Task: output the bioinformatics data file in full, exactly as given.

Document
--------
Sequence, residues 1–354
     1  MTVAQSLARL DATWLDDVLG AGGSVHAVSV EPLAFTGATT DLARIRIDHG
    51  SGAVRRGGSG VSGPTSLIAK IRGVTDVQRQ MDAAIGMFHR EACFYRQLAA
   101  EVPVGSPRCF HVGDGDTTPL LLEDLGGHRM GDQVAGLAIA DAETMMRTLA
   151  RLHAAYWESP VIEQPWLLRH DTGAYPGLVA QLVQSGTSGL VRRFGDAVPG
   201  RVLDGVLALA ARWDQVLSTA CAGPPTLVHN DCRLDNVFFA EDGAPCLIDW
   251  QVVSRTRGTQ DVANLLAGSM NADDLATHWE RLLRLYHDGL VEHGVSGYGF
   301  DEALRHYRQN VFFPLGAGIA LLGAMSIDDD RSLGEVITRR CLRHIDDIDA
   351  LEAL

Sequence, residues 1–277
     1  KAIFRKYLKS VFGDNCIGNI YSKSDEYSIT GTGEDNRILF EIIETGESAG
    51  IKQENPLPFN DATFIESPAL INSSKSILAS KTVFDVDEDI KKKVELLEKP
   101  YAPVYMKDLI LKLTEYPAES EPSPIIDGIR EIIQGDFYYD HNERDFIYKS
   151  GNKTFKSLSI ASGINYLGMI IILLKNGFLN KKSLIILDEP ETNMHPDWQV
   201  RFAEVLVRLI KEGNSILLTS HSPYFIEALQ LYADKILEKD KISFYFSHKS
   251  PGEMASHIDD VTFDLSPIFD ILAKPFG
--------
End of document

Sequence, residues 1–354
     1  MTVAQSLARL DATWLDDVLG AGGSVHAVSV EPLAFTGATT DLARIRIDHG
    51  SGAVRRGGSG VSGPTSLIAK IRGVTDVQRQ MDAAIGMFHR EACFYRQLAA
   101  EVPVGSPRCF HVGDGDTTPL LLEDLGGHRM GDQVAGLAIA DAETMMRTLA
   151  RLHAAYWESP VIEQPWLLRH DTGAYPGLVA QLVQSGTSGL VRRFGDAVPG
   201  RVLDGVLALA ARWDQVLSTA CAGPPTLVHN DCRLDNVFFA EDGAPCLIDW
   251  QVVSRTRGTQ DVANLLAGSM NADDLATHWE RLLRLYHDGL VEHGVSGYGF
   301  DEALRHYRQN VFFPLGAGIA LLGAMSIDDD RSLGEVITRR CLRHIDDIDA
   351  LEAL

Sequence, residues 1–277
     1  KAIFRKYLKS VFGDNCIGNI YSKSDEYSIT GTGEDNRILF EIIETGESAG
    51  IKQENPLPFN DATFIESPAL INSSKSILAS KTVFDVDEDI KKKVELLEKP
   101  YAPVYMKDLI LKLTEYPAES EPSPIIDGIR EIIQGDFYYD HNERDFIYKS
   151  GNKTFKSLSI ASGINYLGMI IILLKNGFLN KKSLIILDEP ETNMHPDWQV
   201  RFAEVLVRLI KEGNSILLTS HSPYFIEALQ LYADKILEKD KISFYFSHKS
   251  PGEMASHIDD VTFDLSPIFD ILAKPFG